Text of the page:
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Development aid (a.k.a development assistance or foreign aid) is financial aid provided by governments and other agencies to hold up developing countries’ development in terms of social, economic, political, and environmental concerns. It is distinct from humanitarian aid as development aid focuses on poverty alleviation in the long term, rather than the short term.
Development cooperation means that a partnership should be present between donor and recipient. This is contrary to tradition in which the relationship was one-sided. Western industrialised nations mostly are the donors of development aid but there are some less developed countries that also contribute aid.
Foreign aid is provided because of the good objectives from donor nations. However, even with this great start, this financial aid goes to waste on corrupt recipient governments. There is no good quality in terms of financial aid as there has not been accountability with the donor nations.
In 1970, the richest countries in the world agreed to offer 0.7% of their GNI (Gross National Income) as their annual official international foreign aid. However, these rich countries are not able to comply with their actual promised targets. An example of this scenario is the US. The US is the biggest donor but is the least in terms of reaching the 0.7% target.
There are issues that crop up in terms of financial aid. These includes:
- Aid goes to waste as the recipient nation must use goods and services that are overpriced from donor nations.
- Most foreign aid does not proceed to the poorest countries.
- Amounts of foreign aid are crowded by the economic protectionism of rich countries that deny market access to poor country products. On the other hand, rich countries use foreign aid as a leverage to open the markets of these poor countries to their products.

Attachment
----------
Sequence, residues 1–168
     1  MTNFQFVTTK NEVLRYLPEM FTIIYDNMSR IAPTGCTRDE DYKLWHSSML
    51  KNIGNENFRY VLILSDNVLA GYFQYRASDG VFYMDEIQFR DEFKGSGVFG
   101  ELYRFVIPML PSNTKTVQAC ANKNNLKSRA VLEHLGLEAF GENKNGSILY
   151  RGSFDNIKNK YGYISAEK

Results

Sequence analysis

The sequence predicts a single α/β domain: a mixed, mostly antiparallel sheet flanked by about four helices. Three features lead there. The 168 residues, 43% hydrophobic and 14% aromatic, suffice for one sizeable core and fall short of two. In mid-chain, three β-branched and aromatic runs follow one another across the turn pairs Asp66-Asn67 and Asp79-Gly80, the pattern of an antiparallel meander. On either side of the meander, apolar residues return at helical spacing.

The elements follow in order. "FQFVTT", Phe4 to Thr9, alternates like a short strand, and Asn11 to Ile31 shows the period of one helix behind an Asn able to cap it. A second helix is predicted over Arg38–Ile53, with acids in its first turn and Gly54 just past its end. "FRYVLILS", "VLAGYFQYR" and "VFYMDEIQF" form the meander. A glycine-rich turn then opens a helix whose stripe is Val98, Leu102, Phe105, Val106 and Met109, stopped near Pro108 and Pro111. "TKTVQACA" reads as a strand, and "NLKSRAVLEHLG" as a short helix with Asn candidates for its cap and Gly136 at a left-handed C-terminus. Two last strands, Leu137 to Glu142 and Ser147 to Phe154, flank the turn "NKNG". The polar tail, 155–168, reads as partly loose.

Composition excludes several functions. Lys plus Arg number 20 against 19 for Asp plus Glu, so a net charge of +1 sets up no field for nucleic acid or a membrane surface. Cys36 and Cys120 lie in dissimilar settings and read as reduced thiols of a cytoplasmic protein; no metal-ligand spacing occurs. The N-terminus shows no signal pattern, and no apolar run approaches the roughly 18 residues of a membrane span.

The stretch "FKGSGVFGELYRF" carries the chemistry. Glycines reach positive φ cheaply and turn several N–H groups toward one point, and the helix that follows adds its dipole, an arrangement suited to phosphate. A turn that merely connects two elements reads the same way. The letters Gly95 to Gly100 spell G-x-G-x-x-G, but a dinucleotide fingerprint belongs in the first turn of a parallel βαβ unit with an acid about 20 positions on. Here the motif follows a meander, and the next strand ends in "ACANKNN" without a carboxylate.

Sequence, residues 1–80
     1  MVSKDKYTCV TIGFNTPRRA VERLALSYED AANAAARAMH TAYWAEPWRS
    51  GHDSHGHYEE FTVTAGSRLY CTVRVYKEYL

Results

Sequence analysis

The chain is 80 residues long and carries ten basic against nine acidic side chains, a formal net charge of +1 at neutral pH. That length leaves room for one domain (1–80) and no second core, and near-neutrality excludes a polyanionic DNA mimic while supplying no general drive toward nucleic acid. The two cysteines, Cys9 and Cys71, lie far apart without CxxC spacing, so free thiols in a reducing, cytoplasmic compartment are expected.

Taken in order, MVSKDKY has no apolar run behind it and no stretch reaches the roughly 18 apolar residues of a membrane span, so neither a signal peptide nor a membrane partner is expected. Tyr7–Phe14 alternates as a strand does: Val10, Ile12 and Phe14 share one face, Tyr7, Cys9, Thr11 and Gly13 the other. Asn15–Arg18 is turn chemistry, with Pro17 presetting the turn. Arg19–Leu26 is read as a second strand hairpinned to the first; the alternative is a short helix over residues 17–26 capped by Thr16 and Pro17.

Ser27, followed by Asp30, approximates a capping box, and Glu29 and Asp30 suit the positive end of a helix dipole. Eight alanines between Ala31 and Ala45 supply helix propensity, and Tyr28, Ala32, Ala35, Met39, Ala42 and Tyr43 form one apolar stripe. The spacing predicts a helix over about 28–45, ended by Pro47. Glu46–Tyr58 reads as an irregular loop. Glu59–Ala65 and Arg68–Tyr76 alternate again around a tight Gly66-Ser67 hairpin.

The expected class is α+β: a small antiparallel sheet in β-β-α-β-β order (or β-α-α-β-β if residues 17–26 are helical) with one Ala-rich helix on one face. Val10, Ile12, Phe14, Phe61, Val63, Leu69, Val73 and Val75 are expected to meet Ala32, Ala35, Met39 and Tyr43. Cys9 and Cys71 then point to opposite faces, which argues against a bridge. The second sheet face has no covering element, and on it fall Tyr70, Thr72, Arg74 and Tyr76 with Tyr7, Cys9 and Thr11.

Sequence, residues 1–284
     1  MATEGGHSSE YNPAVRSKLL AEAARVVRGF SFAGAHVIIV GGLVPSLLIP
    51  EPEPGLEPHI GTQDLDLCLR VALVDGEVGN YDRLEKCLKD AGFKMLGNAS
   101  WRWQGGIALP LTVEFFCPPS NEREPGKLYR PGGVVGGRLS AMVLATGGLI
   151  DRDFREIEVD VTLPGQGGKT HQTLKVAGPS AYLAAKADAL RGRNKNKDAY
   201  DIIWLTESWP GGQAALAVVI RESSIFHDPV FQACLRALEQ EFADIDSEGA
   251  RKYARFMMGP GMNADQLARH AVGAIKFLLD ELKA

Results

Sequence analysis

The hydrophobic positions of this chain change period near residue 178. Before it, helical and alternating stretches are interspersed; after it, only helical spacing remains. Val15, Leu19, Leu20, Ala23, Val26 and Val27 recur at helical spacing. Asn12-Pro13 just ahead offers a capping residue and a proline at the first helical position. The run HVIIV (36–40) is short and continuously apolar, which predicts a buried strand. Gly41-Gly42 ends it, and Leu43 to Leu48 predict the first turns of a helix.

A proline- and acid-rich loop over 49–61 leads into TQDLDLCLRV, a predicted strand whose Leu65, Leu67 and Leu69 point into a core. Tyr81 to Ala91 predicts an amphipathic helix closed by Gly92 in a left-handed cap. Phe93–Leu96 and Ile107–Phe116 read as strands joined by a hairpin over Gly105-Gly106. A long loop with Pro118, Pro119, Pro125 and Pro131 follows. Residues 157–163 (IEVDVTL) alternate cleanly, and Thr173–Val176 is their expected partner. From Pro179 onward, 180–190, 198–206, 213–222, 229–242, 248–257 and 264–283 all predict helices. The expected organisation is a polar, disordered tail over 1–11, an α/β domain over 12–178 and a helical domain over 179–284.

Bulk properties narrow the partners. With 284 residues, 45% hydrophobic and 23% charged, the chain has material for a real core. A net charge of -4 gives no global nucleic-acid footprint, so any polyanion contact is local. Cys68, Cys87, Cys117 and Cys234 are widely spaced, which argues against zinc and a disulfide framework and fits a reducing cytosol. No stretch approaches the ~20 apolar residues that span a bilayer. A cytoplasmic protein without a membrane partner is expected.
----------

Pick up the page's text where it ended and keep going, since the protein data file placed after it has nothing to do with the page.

- There is often failure with massive grand strategies and large projects due to embezzlement of money.
Governments Not Fulfilling Their Promises
“Trade, not aid” is considered as an important part of development promoted by some countries. However, this becomes an excuse for rich nations in not fulfilling their international obligations as they cut back aid that has been agreed and promised in the United Nations.
Rich Nations Agreed 0.7% of GNI to Aid in UN
Financial aid will come from 22 OECD members or popularly known as the Development Assistance Committee (DAC). [OECD changed GNP to GNI in 2000]. Official development assistance (ODA) is aid from the wealthy countries’ governments. However, these do not include private capital flows and investment or private contributions. The promotion of development is the main objective of ODA.
Majority of Rich Countries are Unable to Fulfill their Obligation
Targets and agenda are set annually. However, rich countries are unable to constantly reach their 0.7% agreed target. This is reduced to 0.2 to 0.4% which is $150 billion short every year.
Money Moves from Poor to Rich, Rather Than Rich to Poor
OECD countries inability to fulfil their financial obligations is a political issue compared to being an economic problem. Examples include:
- United States increased its military budget approximately by $100 billion dollars.
- Europe finances its agriculture to $35-40 billion per year which is conflicting with its demands for other countries to free their markets to foreign competition.
- The US supports its farms with $190 billion subsidies through the US Farm Bill.
- Foreign aid is approximate $70 to $100 billion per year, yet underdeveloped countries pay around $200 billion to the rich countries annually.
A lot can be done through development aid but measures have to be done to ensure that its original intentions are met.